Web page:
Restaurant meals tend to involve large portions that are high in calories, fat, carbohydrates, sugar, and salt but low in fiber and vegetables. This can make eating out a challenge for people who have diabetes. They have to be extremely careful to choose a healthful lunch that will not cause a blood sugar spike.

Managing portion sizes is especially important when eating out, as lunch dishes may be much larger than appropriate. When eating out for lunch, people may consider:

  • swapping items such as chips, fries, and sugary drinks for healthier options such as fruit, veggies, and bottled water
  • choosing smaller portion sizes or eating a small amount of the meal and taking the rest home to eat later
  • opting for filling and healthy options such as premade salads with lean proteins
  • choosing a sandwich made with whole grain bread and lean protein along with a salad and a low fat mayonnaise or yogurt dressing
  • picking options with less fat and fewer calories, such as baked, steamed, grilled, or broiled foods
  • limiting or avoiding fried, breaded, or creamy foods
  • ordering sauces, salad dressing, or spreads on the side and using just enough for flavor

Keeping blood sugar levels within the recommended range is vital for anyone with diabetes. A person might consider working with a doctor or a registered dietitian to develop a healthy eating plan. This will involve learning about making healthy food choices, portion planning, and creating suitable meals.

People can use the following tools to help with this:

The Plate Method

The Plate Method is a tool that helps people select appropriate proportions of different foods to help manage their blood sugar levels. People can use this method for all meals, including lunch.

The Plate Method involves using a reasonably sized plate, about 9 inches across, and separating it into three sections:

  • Non-starchy vegetables: Half the plate should contain non-starchy vegetables. These vegetables are nutritious but lower in carbohydrates, so they should not raise blood sugar levels much. Examples include broccoli, Brussels sprouts, cabbage, carrots, and peppers.
  • Lean proteins: One-quarter of the plate should contain lean proteins, which are protein sources that are lower in saturated fats. Examples include chicken, turkey, eggs, salmon, cod, shrimp, tofu, tempeh, and nuts.
  • Carbohydrates: The final quarter should contain foods higher in carbohydrates. Because these foods have the greatest impact on blood sugar, a person should choose whole food carb sources, which are rich in fiber and natural sugars but have no added sugars. Examples include whole grains, starchy vegetables, beans, fruits, and dairy products.

A person can also drink water or a low calorie drink such as unsweetened tea or coffee.

Carbohydrate counting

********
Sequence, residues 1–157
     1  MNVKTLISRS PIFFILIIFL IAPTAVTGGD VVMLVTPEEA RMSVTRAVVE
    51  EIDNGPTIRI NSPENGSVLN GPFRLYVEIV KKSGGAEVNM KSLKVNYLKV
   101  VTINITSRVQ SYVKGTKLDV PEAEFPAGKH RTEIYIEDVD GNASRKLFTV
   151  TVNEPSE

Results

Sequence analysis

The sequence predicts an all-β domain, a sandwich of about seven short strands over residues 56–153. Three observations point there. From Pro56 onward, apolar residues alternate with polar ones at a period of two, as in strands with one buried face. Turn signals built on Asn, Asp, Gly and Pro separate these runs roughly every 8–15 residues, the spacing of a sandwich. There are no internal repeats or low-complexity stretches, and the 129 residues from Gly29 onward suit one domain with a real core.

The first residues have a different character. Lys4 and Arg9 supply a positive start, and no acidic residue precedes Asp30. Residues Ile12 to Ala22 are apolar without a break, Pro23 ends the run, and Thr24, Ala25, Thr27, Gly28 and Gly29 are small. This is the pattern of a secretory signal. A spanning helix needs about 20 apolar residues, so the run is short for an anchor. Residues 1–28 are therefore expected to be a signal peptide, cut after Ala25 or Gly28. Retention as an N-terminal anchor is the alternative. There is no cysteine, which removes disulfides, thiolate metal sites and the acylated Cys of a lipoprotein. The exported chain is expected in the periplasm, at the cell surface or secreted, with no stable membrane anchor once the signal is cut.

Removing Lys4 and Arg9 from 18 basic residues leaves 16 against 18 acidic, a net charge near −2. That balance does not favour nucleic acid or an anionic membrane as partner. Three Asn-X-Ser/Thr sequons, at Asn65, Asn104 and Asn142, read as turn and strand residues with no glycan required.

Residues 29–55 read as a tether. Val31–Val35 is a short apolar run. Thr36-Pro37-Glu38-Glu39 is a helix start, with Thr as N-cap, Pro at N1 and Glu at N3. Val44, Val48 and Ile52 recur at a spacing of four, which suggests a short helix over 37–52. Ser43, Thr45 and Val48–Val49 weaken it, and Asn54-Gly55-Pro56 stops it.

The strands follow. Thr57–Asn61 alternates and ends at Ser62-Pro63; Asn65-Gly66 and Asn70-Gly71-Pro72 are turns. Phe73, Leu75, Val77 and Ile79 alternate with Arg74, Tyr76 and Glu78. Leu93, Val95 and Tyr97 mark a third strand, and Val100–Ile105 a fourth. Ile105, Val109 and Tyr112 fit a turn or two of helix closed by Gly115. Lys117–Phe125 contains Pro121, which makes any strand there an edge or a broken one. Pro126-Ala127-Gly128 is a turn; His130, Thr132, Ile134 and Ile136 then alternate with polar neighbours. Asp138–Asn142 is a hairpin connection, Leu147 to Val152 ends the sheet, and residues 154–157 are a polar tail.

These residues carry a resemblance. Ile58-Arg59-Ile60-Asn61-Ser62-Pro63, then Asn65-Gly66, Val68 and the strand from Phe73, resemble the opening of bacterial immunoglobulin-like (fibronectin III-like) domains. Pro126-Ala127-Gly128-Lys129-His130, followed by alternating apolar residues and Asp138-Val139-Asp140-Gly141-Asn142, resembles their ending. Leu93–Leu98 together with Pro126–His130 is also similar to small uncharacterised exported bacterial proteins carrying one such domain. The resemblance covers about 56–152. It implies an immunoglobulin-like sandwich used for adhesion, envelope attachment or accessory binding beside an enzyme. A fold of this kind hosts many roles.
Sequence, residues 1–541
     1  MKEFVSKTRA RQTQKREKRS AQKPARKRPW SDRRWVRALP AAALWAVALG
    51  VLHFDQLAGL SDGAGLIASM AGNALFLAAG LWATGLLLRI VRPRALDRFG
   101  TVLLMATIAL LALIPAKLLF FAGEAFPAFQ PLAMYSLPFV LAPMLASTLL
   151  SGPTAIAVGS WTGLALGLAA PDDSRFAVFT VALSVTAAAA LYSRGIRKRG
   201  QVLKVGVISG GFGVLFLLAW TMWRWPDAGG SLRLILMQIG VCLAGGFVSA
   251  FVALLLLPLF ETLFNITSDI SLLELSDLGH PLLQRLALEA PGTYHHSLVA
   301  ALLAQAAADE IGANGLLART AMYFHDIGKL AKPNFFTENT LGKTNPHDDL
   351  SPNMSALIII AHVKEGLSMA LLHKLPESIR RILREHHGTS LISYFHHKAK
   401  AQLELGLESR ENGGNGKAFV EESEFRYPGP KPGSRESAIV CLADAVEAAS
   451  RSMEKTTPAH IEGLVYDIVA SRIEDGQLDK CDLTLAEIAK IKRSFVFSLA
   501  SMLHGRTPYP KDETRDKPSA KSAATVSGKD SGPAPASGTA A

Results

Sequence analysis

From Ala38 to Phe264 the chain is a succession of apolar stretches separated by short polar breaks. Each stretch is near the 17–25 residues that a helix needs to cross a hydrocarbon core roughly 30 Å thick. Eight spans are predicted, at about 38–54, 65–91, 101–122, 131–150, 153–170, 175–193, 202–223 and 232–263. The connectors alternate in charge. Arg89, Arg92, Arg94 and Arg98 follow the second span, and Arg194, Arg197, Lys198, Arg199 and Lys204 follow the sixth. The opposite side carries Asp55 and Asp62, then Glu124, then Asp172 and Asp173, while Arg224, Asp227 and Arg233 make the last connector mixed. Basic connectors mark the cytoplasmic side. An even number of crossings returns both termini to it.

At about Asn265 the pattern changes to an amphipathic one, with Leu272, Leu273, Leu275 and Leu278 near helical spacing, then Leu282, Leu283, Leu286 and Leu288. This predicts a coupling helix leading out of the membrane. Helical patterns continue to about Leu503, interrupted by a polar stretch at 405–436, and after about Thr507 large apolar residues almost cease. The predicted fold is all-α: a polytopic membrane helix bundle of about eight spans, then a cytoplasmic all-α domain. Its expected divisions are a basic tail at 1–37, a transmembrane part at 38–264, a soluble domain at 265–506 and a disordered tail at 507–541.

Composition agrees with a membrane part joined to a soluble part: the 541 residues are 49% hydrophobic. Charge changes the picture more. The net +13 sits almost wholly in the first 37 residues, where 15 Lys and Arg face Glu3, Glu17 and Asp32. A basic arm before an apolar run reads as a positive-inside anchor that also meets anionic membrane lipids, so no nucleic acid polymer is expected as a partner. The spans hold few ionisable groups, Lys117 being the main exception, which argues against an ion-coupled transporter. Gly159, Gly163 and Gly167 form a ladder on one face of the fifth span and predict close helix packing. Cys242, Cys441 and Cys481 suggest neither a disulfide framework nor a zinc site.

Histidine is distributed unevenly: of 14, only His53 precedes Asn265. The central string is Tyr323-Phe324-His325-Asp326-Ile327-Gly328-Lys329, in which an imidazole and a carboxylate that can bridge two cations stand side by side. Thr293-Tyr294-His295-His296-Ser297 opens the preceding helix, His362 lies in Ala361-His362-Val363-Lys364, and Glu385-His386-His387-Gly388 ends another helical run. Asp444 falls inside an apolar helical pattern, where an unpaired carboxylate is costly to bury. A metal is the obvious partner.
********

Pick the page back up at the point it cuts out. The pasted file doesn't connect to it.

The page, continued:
Carb counting involves counting the grams of carbohydrate in a meal and matching that to the dose of insulin a person administers.

Typically, for diabetes meal planning, 1 serving of carbs equals roughly 15 grams of carbohydrates. People can often find the number of grams of carbs on a food’s nutrition label. In other cases, a person can use an app to find out the grams of carbs in foods and drinks.

By eating similar amounts of carbs at each meal and administering a suitable amount of insulin if necessary, a person can keep their blood sugar levels steady.

Here are some frequently asked questions about lunch and living with diabetes.

What foods can a diabetic eat for lunch?

A person with diabetes can eat most foods for lunch, within appropriate portion sizes. It is advisable to eat a well-balanced meal containing lean proteins, whole grains, dairy, fruits, and non-starchy vegetables.

A person may also consider some healthier swaps, such as drinking diet soda instead of soda with added sugar, eating baked chips instead of fried ones, and eating lean proteins rather than ones with more saturated fat.

What kind of sandwich can a diabetic eat?

A person with diabetes can eat any type of sandwich. However, it is advisable to opt for a healthier bread option. For example, a person can replace white bread with whole grain bread, a low carb tortilla, or a pita.

What foods can diabetics eat freely?

People with diabetes can eat a wide range of foods. Non-starchy vegetables, such as broccoli, cauliflower, and cucumber, are one food group they can often eat in larger amounts. These vegetables can help manage blood sugar levels.

What is the best lunch meat for diabetics?

Typically, it is advisable to choose protein options that are lower in salt and fat. This can include lean meats and meat alternatives. For example, suitable lean meat options can include chicken and turkey breast without the skin.

Learn more about meat options for a diabetes meal plan.

When living with diabetes, a person may consider making some lifestyle changes that can help them better manage the disease. Often, this will involve making healthier dietary choices such as limiting foods that are high in fat, salt, and added sugar and choosing more nutritious foods.

For lunch options, a person may want to consider suitable portions of lean proteins, whole grains, dairy, fruits, and non-starchy vegetables. They can also swap certain food items for healthier alternatives, such as eating whole grain bread instead of white and drinking diet soda instead of soda with added sugar.